The daily Stockholm newspaper.
Dagens Nyheter Oct 14 2008 edition, concluded that Stan Getz was partly to blame for the financial crisis now plaguing the world. The reason: After an article in the New York Times
"Taking a hard new look at a Greenspan legacy"

The Swedish paper concluded that things might have been different had Greenspan pursued a musical career.


THE FINANCIAL CRISIS – A QUESTION ABOUT JAZZ Who’s to blame for the financial crisis?
I would say Stan Getz, the eminent jazz musician who died 1991.
New York Times October 8th is saying in an article with the heading “Taking Hard New Look at a Greenspan Legacy”, in which one’s explaining why his far too liberal marked politics made room for today’s catastrophe.
People who have read the memoirs of Greenspan published last autumn, knows that Greenspan started his professional career in various Big Bands in the New York area. One day he had to sit next to Stan Getz and he heard him play. He then realized that he would never achieve the musical level Getz already was on. He decided to change course and become an economist in stead. The rest of the story we all know
What if he never met Stan Getz?
Bengt Säve-Söderbergh

Turning to music and baseball

ALAN GREENSPAN: Then, I decided that baseball was my thing. And I was actually getting very good, but at the age of 14, I hit a plateau and I never improved.

JIM LEHRER: You were a left-hander, first baseman, right?

ALAN GREENSPAN: I was a left-handed first baseman. I hit the ball pretty well. Then, I got into music, and I became a professional musician for a couple of years.

JIM LEHRER: Played the clarinet...

ALAN GREENSPAN: Clarinet, saxophone, flute, bass clarinet.

JIM LEHRER: Which one did you enjoy the most?

ALAN GREENSPAN: I actually enjoyed the clarinet the best, but I was a fairly good amateur, but a moderate professional. But what really did me in is I had, as an amateur, had to play next to Stan Getz. I was 16; he was 15. I decided, "Do I really want to be in this business?"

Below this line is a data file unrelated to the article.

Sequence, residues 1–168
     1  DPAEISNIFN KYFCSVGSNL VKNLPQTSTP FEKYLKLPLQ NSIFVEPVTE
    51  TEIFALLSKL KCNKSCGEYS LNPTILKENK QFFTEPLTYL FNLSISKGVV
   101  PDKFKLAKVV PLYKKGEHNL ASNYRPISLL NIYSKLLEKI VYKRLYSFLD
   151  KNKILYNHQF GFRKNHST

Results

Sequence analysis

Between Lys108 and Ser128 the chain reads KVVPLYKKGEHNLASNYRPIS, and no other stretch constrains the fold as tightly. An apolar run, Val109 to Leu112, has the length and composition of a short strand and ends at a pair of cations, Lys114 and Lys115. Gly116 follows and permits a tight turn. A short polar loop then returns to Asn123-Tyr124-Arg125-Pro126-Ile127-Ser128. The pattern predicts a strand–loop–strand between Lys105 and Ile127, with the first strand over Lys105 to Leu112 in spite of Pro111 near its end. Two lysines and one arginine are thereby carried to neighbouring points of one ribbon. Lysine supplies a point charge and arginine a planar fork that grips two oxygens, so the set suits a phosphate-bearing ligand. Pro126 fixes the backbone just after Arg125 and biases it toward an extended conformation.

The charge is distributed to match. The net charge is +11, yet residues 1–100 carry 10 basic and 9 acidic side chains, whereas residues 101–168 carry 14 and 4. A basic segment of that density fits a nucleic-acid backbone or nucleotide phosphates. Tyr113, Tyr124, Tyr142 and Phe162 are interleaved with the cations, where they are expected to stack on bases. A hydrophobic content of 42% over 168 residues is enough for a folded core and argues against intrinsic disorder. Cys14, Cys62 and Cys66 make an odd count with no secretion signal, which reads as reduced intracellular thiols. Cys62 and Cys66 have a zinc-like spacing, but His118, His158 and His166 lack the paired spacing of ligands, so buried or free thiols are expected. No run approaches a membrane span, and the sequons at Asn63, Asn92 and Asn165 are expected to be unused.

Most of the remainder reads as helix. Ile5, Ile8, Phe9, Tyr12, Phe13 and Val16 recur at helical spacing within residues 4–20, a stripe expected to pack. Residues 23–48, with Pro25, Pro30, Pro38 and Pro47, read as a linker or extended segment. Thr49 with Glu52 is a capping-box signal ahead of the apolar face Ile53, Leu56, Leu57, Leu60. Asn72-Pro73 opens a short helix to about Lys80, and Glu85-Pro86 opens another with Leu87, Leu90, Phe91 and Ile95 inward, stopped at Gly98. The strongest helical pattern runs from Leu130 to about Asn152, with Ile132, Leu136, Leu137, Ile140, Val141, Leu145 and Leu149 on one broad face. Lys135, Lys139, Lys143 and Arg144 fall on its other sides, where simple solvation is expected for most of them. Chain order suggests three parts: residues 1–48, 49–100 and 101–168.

JIM LEHRER: Why, because he was so good?


JIM LEHRER: Was he really good?

ALAN GREENSPAN: And he was one of the really historic famous sax players. And the best economic decision I ever made in my life was to decide to leave the music business and go into economics.

Views: 6

Tags: economy, getz, greenspan, toblame


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Comment by Esquizito on November 9, 2008 at 10:43pm
I dig. I'm reminded of an interview with Ravi Coltrane that took place during Jazzfest a few years ago. Ravi said that his own son asked: Daddy, are you famous?

Keep swingin' ...cuz your old man sure did.
Comment by Bev Getz on November 9, 2008 at 5:37pm
"p.s. So how did you end up in the Getz gang?"... Well... just plain old rotten luck I guess!!(-: (just kidding!)I don't know - I guess it was just the good Lord's plan for me! Stan was my dad. I didn't have much say in the matter!

Comment by Esquizito on November 9, 2008 at 3:57pm
Oh I am very eager to see trained musicians, yes... Jazz musicians going into other fields of endeavor. It's here, and more on the way!

p.s. So how did you end up in the Getz gang?
Comment by Bev Getz on November 9, 2008 at 7:34am